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    25 Things You Can Scavenge from Old Vehicles

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    25 Things You Can Scavenge from Old Vehicles

    Old vehicles are a treasure trove of salvageable items in an emergency or crisis. If you happen across an old car or truck, there are many things you may want to look for to bring back to your homestead for emergencies. You can use these items for repairs, crafting, building, lighting, and more. 

    In this article, we’ll look at a number of different items you could scavenge from an old vehicle. Of course, you’ll always want to make sure it is safe and legal to do so, but finding an old car could lead you to some life-saving pieces of equipment in an emergency.

    Want to know more? Check out these 25 things you can scavenge from old vehicles. 

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    1. Gas

    When SHTF happens, gasoline will be in short supply. You’ll be incredibly lucky if you come across an old vehicle with some fuel left in it. You’ll need to siphon the fuel into a safe container, carefully. Also, you’ll need to be very careful not to cause sparking if you need to access the fuel tank or fuel line to get the gas.

    Keep in mind that old gas can go bad – it can degrade in quality or become contaminated and simply might not work. 

    Gasoline can also be used as a solvent, so even if it is too old to run your vehicle, it can remove grease and oil from metal surfaces. 

    2. Oil

    Old cars are likely to have some old motor oil, too. You can use motor oil for a number of uses, such as lubricating tools, treating wood, and even making a torch. 

    If the oil is clean, you can save it to put it in your vehicle the next time you need to change the oil. If you have an old tractor, you might be able to mix the motor oil with gasoline to run the tractor.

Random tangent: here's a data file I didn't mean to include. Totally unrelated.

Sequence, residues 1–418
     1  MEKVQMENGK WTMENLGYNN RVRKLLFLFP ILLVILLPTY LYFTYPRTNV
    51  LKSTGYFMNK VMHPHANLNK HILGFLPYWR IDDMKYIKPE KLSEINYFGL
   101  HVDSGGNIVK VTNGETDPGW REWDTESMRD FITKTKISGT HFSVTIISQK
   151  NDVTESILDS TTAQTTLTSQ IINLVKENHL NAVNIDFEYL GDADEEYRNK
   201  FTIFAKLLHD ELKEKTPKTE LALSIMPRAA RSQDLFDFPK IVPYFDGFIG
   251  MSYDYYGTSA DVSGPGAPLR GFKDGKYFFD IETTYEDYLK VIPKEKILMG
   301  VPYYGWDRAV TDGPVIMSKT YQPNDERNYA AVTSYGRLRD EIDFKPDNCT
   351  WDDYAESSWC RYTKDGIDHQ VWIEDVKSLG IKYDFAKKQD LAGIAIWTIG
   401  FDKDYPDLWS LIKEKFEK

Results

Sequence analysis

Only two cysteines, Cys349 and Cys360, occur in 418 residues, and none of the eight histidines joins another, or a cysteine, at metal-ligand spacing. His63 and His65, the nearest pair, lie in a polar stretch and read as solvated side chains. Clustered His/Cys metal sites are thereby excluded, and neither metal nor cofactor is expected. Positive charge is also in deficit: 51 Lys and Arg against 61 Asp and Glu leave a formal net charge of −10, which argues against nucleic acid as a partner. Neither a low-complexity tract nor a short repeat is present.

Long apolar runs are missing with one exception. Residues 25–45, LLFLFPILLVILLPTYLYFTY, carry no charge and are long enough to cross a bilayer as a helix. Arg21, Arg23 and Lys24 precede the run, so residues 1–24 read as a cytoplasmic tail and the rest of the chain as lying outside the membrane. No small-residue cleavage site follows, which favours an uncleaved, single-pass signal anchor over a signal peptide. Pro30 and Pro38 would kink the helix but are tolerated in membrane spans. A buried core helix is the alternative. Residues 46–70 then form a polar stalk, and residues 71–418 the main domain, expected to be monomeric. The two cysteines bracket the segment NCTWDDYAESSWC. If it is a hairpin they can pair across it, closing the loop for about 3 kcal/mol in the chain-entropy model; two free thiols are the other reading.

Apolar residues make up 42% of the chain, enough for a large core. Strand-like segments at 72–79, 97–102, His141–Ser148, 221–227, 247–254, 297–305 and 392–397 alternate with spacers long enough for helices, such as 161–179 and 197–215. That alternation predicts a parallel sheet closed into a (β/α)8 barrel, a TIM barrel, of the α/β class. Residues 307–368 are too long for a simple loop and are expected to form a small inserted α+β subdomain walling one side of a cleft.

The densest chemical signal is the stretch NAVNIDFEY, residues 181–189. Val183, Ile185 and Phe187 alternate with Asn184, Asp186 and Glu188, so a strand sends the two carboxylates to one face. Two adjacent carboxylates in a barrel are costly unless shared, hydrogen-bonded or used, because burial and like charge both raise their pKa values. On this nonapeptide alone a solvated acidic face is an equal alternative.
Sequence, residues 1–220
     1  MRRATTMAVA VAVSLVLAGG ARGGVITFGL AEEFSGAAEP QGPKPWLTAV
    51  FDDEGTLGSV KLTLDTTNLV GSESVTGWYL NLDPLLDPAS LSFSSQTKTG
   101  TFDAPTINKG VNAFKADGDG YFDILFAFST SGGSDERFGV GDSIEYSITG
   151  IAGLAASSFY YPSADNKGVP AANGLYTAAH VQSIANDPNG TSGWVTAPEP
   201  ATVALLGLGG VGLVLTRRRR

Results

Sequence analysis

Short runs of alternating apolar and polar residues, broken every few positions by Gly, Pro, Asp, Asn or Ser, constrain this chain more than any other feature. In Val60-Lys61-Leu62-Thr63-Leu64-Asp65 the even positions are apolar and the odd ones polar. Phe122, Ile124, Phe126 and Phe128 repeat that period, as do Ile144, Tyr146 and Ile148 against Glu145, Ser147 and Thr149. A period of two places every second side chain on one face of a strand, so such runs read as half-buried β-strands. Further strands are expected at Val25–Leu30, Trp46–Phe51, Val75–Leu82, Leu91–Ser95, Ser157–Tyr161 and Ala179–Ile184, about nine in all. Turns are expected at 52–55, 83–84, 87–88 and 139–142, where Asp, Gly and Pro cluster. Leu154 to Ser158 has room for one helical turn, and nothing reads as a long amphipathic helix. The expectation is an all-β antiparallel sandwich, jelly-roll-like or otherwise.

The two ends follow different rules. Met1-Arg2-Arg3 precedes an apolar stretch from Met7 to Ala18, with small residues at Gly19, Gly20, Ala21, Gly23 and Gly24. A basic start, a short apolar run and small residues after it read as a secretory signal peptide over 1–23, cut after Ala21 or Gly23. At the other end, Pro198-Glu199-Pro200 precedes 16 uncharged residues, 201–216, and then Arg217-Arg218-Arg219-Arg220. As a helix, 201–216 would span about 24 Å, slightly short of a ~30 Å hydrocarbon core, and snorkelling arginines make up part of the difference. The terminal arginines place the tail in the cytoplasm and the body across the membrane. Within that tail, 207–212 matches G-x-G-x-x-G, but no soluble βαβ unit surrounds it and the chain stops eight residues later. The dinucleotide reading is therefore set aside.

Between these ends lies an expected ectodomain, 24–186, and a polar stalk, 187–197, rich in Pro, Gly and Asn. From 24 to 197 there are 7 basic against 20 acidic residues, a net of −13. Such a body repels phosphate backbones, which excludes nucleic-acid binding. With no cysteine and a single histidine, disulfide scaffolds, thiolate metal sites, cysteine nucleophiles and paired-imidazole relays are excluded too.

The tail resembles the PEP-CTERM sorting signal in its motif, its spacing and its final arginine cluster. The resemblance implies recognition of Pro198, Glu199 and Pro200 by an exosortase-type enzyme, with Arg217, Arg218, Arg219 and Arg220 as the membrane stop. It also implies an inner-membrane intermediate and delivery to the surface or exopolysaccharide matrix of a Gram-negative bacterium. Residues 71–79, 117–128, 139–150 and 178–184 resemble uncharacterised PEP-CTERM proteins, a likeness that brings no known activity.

Motor oil could also be burned in an oil-burning furnace to heat your house if you run out of heating oil, but you’ll need to find a guide to do so. 

    3. Car Battery

    Old car batteries may not have enough juice to start up the car, but they might have enough juice to run some lights or small appliances in your home. If you have the equipment, you may be able to recharge the battery with solar power. And with the right power inverters, you could use the battery to charge cell phones or other electronic devices. 

    4. Mirrors

    Car mirrors can be used for a number of small purposes, including personal hygiene, signaling, and starting fires. 

    5.. Car Mats

    Car mats are handy for all kinds of purposes. For example, you might use them as extra insulation from the ground when camping outside. You could pile car mats to the roof of chicken coops to prevent leaks, or you could use them as door mats to wipe your feet so you don’t track dirt or mud inside your house.

    In addition, rubber-backed mats will be somewhat waterproof, so you may be able to use them to replace missing shingles in a pinch. 

    6. Windows

    Car windows have an unfinished edge that can be used as a knife sharpener. You can easily break the car windows into smaller chunks and wrap them with duct tape, so you don’t get cut.  If you are able to remove the front or rear windshield, you could use them to create cold frames to start spring vegetables. 

    7. GPS

    If you have a means of powering the car's GPS unit, you can take it with you for navigation. You can also access stored maps so you know where to find important places in town. 

    8. Seatbelts

    Seatbelts are extra strong and sturdy. They make excellent tie-downs, cables, and cordage. You can use them for securing tarps, equipment, or anything else you might need to tie down. You can sew pieces of seatbelt into your clothes as patches or even use them to make belts to hold up your pants. 

    9. Wires

    You’ll find all kinds of wires in an abandoned car. These are pretty handy if you need to wire lights, make tripwires, or even use them as wire ties for fence posts. Be careful not to get shocked if you are removing wires from a car. 

    10. Tires

    If the tires fit your vehicle, you’ve got a set of spares for when yours wear out or get a puncture. If not, you can still use them as raised planters, to build a wall, or even make playground equipment for your children. 

    11. Rims

    Car rims are extremely sturdy. You can use them for building walls, creating raised garden beds, or fire pits. If you can fit a board over the top, you can use them to make benches or tables. 

    12. Radio

    A car radio can be wired to the battery if you remove both, giving you a means of hearing news or getting a little entertainment. You’ll need to make sure you bring along the car speakers so you can hear the radio, too.